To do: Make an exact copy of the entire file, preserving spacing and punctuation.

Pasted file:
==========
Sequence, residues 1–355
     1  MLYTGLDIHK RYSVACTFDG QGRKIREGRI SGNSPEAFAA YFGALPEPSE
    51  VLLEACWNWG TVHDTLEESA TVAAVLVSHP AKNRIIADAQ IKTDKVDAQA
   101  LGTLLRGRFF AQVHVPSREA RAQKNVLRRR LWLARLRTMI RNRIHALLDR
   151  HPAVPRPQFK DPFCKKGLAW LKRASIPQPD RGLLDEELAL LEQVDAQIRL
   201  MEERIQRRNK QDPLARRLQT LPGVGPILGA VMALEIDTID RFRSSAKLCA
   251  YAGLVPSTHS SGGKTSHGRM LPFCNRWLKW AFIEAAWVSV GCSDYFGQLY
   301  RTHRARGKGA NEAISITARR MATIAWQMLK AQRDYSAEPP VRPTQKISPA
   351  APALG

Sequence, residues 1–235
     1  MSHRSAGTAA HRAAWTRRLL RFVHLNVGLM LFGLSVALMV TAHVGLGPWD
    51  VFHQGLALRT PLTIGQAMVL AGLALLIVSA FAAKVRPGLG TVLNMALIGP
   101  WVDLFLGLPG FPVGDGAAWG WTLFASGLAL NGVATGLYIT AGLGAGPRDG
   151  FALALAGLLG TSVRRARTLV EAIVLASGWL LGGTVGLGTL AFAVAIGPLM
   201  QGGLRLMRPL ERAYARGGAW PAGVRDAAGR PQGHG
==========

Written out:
Sequence, residues 1–355
     1  MLYTGLDIHK RYSVACTFDG QGRKIREGRI SGNSPEAFAA YFGALPEPSE
    51  VLLEACWNWG TVHDTLEESA TVAAVLVSHP AKNRIIADAQ IKTDKVDAQA
   101  LGTLLRGRFF AQVHVPSREA RAQKNVLRRR LWLARLRTMI RNRIHALLDR
   151  HPAVPRPQFK DPFCKKGLAW LKRASIPQPD RGLLDEELAL LEQVDAQIRL
   201  MEERIQRRNK QDPLARRLQT LPGVGPILGA VMALEIDTID RFRSSAKLCA
   251  YAGLVPSTHS SGGKTSHGRM LPFCNRWLKW AFIEAAWVSV GCSDYFGQLY
   301  RTHRARGKGA NEAISITARR MATIAWQMLK AQRDYSAEPP VRPTQKISPA
   351  APALG

Sequence, residues 1–235
     1  MSHRSAGTAA HRAAWTRRLL RFVHLNVGLM LFGLSVALMV TAHVGLGPWD
    51  VFHQGLALRT PLTIGQAMVL AGLALLIVSA FAAKVRPGLG TVLNMALIGP
   101  WVDLFLGLPG FPVGDGAAWG WTLFASGLAL NGVATGLYIT AGLGAGPRDG
   151  FALALAGLLG TSVRRARTLV EAIVLASGWL LGGTVGLGTL AFAVAIGPLM
   201  QGGLRLMRPL ERAYARGGAW PAGVRDAAGR PQGHG